The old saying goes; to be older and wiser, you must first be young and stupid. This is the story of my life. I’m older, but still waiting to be wiser.
While everyone has a story of the dumbest thing they have done, I have a book. Hopefully the point of this and other tales I share here, will not only be to entertain, but on a certain level, make you feel better about stupid things you have done.
This is a tale of 20 year-old W. Christian Ward stationed at Keesler AFB in Biloxi, Mississippi two weeks after basic training. Behavior during technical training is slightly less regimented. Freedoms were granted in a phased system. Characteristically, I broke all of them. Travel was limited to a radius of 30 miles, so naturally the first weekend I was allowed off base, I went to Atlanta to get my 250 Ninja.
A challenge of my youth is a lack of foresight. I knew was it was spring, I was near a beach and I wanted my motorcycle. Saturday I hopped a plane, Sunday I packed some civilian clothes, strapped the bags to the bike and left early in the afternoon. I had afforded eight hours for the 400 mile ride over mostly interstate, curfew was 10 PM.
I should have checked the weather, especially springtime in the south.
Hide from the hurricane? Sure. Tornadoes..meh
10 miles outside of Atlanta, the rain started. I thought it would stop, but I had painted myself into a corner; a dark, stormy, tornado-spawning corner. I knew I was in real trouble when the semi-trucks started pulling over. I distinctly remember the sight of my front tire in 6 inches of water while I limped along in 1st gear. Within the hour I was soaked to my undies. On an overpass outside of Montgomery, a gust of wind moved my bike from the right lane to the left. Around 5:30, my water resistant Timex stopped working.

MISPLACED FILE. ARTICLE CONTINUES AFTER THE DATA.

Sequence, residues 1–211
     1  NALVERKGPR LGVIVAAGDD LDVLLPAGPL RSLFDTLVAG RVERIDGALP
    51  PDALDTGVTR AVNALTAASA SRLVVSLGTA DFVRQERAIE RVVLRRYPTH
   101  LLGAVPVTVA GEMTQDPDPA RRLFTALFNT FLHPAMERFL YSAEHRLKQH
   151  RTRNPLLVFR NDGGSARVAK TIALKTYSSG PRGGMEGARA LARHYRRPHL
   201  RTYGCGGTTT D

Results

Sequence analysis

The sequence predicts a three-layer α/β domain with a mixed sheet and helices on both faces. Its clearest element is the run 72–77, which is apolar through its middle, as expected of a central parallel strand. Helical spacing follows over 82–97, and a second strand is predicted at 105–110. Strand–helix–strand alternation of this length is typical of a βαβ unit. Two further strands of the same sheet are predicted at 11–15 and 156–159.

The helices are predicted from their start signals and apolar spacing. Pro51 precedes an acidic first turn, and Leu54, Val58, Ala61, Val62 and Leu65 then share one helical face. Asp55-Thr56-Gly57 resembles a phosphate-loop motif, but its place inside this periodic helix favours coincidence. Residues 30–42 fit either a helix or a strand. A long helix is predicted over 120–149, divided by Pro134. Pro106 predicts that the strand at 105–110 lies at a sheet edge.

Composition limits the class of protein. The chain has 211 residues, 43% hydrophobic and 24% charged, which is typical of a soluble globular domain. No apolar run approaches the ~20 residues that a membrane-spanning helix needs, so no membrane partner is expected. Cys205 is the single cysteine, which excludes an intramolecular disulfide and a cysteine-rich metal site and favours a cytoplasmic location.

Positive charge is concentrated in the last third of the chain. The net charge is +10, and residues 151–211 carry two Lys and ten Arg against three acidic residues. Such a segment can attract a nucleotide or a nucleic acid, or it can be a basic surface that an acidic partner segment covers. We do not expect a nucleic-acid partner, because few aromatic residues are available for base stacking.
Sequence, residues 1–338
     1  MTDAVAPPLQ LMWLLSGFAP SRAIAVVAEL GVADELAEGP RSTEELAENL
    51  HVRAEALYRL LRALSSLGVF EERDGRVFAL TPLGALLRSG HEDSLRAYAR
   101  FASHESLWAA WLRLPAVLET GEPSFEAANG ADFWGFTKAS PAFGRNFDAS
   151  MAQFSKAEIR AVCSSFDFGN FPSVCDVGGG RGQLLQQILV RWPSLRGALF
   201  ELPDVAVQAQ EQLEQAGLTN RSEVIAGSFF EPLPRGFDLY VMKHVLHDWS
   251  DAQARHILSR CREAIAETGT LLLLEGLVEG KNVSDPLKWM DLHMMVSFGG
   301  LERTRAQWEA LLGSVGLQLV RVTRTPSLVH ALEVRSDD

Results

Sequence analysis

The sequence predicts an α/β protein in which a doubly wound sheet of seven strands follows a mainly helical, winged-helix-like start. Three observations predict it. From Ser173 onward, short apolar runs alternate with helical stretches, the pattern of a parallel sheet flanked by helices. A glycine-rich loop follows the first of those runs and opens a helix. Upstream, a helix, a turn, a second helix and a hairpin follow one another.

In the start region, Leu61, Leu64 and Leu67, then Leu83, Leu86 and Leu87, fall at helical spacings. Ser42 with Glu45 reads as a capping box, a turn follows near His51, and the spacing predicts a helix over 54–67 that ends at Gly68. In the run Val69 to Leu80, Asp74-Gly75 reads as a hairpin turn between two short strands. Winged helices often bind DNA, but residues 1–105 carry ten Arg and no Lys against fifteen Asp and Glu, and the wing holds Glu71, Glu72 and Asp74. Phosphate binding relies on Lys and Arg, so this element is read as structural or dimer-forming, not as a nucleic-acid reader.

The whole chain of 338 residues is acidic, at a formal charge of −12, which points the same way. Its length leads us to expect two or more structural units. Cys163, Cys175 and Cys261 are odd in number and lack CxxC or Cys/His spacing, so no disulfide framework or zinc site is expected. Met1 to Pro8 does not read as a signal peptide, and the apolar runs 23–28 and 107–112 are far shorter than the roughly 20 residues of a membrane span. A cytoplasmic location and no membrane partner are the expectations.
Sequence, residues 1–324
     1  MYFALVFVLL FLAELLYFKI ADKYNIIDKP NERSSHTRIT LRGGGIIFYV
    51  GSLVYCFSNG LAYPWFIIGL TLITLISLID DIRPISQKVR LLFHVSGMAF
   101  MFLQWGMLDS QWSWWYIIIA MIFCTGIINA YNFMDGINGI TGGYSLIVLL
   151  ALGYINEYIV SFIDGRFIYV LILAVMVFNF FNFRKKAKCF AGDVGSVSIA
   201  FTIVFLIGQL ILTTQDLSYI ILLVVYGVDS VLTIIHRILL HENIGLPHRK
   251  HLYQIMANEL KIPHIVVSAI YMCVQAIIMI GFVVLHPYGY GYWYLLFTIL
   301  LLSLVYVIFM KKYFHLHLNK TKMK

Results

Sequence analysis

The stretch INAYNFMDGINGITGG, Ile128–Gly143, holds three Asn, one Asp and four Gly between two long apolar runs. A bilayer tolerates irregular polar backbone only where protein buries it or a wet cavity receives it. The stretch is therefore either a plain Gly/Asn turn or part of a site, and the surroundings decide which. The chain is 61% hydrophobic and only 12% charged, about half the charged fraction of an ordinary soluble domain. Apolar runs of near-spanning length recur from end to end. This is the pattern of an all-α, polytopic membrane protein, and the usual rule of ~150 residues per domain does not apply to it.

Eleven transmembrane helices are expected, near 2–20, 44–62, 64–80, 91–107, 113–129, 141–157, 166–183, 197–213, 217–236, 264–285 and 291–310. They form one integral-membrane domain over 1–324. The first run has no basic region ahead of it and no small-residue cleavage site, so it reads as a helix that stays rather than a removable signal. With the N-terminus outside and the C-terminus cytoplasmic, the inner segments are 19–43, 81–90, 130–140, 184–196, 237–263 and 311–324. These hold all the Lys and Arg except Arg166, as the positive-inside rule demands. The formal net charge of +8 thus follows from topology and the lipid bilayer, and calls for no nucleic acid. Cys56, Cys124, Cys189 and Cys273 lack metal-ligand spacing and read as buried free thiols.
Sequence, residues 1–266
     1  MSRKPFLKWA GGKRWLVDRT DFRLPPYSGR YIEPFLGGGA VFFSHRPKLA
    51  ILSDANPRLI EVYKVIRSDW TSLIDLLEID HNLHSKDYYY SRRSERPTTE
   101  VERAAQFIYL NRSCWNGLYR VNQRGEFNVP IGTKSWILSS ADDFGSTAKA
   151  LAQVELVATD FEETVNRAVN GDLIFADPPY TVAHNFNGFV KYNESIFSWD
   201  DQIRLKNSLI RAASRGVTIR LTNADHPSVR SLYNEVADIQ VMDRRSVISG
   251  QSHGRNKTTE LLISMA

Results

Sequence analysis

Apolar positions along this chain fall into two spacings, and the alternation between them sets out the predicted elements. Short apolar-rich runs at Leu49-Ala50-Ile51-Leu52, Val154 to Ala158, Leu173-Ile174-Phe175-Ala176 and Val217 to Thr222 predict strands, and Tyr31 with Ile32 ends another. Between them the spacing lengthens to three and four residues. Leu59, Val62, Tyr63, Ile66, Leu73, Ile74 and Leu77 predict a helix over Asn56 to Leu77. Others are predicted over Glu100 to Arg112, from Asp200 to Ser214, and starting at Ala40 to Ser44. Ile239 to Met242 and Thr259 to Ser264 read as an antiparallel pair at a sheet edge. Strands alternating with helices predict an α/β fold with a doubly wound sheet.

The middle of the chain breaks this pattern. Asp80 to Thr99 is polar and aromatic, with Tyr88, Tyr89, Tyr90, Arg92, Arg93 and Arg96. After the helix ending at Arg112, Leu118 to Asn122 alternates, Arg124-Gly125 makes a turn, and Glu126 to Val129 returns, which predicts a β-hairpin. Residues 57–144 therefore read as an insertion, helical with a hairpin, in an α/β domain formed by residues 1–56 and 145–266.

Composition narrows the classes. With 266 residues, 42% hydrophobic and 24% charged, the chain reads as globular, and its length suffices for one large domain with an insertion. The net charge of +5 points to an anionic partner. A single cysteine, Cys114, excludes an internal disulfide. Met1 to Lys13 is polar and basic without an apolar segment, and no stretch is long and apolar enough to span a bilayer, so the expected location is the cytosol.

Side-bar, a 1989 Ninja 250R holds about 4.5 gallons and has a range of around 220 miles without 20 mph head wind. This trip should take at most, two gas stops. With that information, imagine being surrounded by the sound of pouring water, moisture all around you. Add a constant buzzing between your legs and being bumped on a tiny bike with overloaded suspension. Not enough yet? It was cold. Yeah, I made a lot of stops.
Around 7:30, it let up. I’m guessing about the time, my watch was still kaput. I leaned into the throttle to cover some distance. When I hit the outskirts of Mobile it finally stopped raining. West of the city, my watch recovered, it was 9:05. I had to be in Biloxi by 10:00 or my shenanigans would come to light, and my fledgling military career would be kneecapped before it started. It was just over 60 miles.
I-10 on the gulf is characterized by tall bridges to accommodate shipping. The top expanses are metal one-inch squares of re-enforced jagged grate. They offer no traction and they were still wet. This would have been wonderful information to have before I passed that Greyhound bus close to the state line. Approaching the peak of the bridge, I was on the bike hard. The rear tire hit the grate under load and immediately stepped out. I over-corrected and entered a “tank slapper.”
I would love to tell you my skill, ability and cat-like reflexes saved me, but that would make me a liar.
No, I stared straight into the abyss and the Grim Reaper had pity; I was simply too stupid to perish right then.
I stopped at the Mississippi Welcome Center until the urge to vomit subsided.
The Ninja parked in front of my squadron at 10:05. I tried to get off the bike, but couldn’t walk. I had been shivering for hours and my legs had cramped on the tank. I hobbled across the courtyard to the Charge of Quarters, signed in and begged her not to report me. Perhaps it was my plea, my bloodshot eyes, or the puddle forming under me (after the bridge, probably mostly rainwater); but she permitted me to slip in unreported.
Those grates are now filled with asphalt, but I avoid them like the plague. I now dress properly for a ride, and have a gear fetish. Eventually I would learn to pad my travel times and check the weather. I am a dedicated rider and don’t mind getting wet, but my equipment is better.
I also know when to drive.
Oh yeah, I had a car, but chose my bike. I got the car later…but that is another story.
W. Christian Mental Ward has owned over 70 cars and destroyed most of them. He is a graduate of Panoz Racing School, loves cartoons and once exceeded the speed of sound. Married to the most patient woman in the world; he has three dogs, five motorcycles and still rides every chance he gets.